June 25, 2020

The House on Thursday passed a police overhaul bill named for George Floyd that would ban chokeholds, prohibit some no-knock warrants, and create a national database to track officer misconduct.

The vote was 236-181, with three moderate Republicans — Reps. Will Hurd of Texas, Brian Fitzpatrick of Pennsylvania, and Fred Upton of Michigan — joining the Democrats to pass the bill. The George Floyd Justice in Policing Act was drafted by the Congressional Black Caucus, and backed by civil rights groups and the parents of Tamir Rice, Eric Garner, and John Crawford III — three Black males who were killed by police.

On May 25, Floyd, a 46-year-old unarmed Black man, died after a white police officer kept his knee on Floyd's neck for nearly nine minutes. His death sparked anti-racism and anti-police brutality demonstrations across the country, and before the vote, Rep. Hakeem Jeffries (D-N.Y.) said, "To the protesters: We hear you, we see you, we are you."

On Wednesday, the Senate failed to advance its narrower policing bill, and Senate Majority Leader Mitch McConnell (R-Ky.) has indicated he will not take up the House package. The White House urged Republicans to vote against the House bill, believing that police should not be held personally liable for misconduct on the job, Politico reports. Catherine Garcia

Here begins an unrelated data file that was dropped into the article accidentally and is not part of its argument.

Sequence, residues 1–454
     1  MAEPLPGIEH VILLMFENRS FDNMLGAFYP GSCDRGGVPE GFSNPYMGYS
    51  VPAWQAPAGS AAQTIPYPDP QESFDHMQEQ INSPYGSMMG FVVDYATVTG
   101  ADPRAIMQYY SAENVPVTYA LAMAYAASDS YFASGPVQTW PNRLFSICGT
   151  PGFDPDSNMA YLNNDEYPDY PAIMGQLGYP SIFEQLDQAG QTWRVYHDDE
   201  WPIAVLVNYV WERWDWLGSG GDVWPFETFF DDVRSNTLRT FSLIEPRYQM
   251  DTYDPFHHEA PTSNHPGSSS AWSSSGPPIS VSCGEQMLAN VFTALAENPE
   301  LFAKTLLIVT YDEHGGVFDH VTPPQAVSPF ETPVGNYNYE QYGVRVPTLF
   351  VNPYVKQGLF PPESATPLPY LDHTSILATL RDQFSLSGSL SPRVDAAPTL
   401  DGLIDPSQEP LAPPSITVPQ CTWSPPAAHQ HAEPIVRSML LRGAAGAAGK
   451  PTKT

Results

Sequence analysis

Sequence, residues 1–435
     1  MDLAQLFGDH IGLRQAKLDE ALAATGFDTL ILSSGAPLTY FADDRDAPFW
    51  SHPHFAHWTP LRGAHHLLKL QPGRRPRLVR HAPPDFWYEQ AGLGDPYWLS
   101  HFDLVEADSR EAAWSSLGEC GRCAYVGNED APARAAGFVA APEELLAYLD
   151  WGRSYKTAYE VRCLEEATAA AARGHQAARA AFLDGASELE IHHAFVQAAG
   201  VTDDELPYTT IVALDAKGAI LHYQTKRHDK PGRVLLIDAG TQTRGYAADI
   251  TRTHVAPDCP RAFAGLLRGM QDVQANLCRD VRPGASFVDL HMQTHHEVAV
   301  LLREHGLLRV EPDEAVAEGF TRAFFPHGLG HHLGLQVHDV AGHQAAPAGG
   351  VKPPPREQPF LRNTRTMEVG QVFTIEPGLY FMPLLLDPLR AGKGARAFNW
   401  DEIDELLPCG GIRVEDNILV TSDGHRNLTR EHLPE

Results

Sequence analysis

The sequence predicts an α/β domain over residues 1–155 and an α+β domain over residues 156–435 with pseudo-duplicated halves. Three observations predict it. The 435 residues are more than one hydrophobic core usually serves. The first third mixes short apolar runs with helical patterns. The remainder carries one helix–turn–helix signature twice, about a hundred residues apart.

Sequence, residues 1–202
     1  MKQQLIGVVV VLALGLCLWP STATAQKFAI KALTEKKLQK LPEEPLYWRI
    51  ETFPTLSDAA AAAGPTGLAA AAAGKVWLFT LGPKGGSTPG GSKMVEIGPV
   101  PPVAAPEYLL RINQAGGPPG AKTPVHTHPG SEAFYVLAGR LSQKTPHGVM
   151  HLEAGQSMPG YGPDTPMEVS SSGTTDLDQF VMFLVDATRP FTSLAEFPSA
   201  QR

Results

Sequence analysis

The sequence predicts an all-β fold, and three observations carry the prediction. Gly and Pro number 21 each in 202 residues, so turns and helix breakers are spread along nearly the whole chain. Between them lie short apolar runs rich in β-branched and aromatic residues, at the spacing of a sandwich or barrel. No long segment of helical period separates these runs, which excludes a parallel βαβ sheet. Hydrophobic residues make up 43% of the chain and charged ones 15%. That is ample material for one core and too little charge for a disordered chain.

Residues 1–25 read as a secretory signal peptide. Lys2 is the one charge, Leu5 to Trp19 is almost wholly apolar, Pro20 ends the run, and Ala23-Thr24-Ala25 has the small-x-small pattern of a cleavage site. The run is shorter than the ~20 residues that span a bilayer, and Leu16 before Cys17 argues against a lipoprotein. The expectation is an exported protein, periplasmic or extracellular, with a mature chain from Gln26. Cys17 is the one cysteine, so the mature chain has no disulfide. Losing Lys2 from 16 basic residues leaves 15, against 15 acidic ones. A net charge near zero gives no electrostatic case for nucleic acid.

June 24, 2020

Senate Democrats followed through on their threat to block the advancement of the GOP's police reform bill Wednesday, as the legislation fell five votes short of the 60 required to move forward.

Senate Minority Leader Chuck Schumer (D-N.Y.) called the package "the equivalent of a fig leaf — something that provides a little cover but no real change" in the aftermath of the killing of George Floyd. "The harsh fact of the matter is, the bill is so deeply, fundamentally and irrevocably flawed, it cannot serve as a useful starting point for meaningful reform," he said.

Democrats believe the bill, which was championed by Sen. Tim Scott (R-S.C.), was particularly lacking in terms of holding law enforcement accountable for misconduct. For example, it didn't seek to change qualified immunity standards. That said, three members of the Democratic caucus — Sens. Joe Manchin (D-W.V.), Doug Jones (D-Ala.), and Angus King (I-Maine) — broke from the ranks in the hopes of at least getting the bill to the table, while Senate Majority Leader Mitch McConnell, who expressed his displeasure with the outcome, voted no in a procedural move to allow for a revote. Tim O'Donnell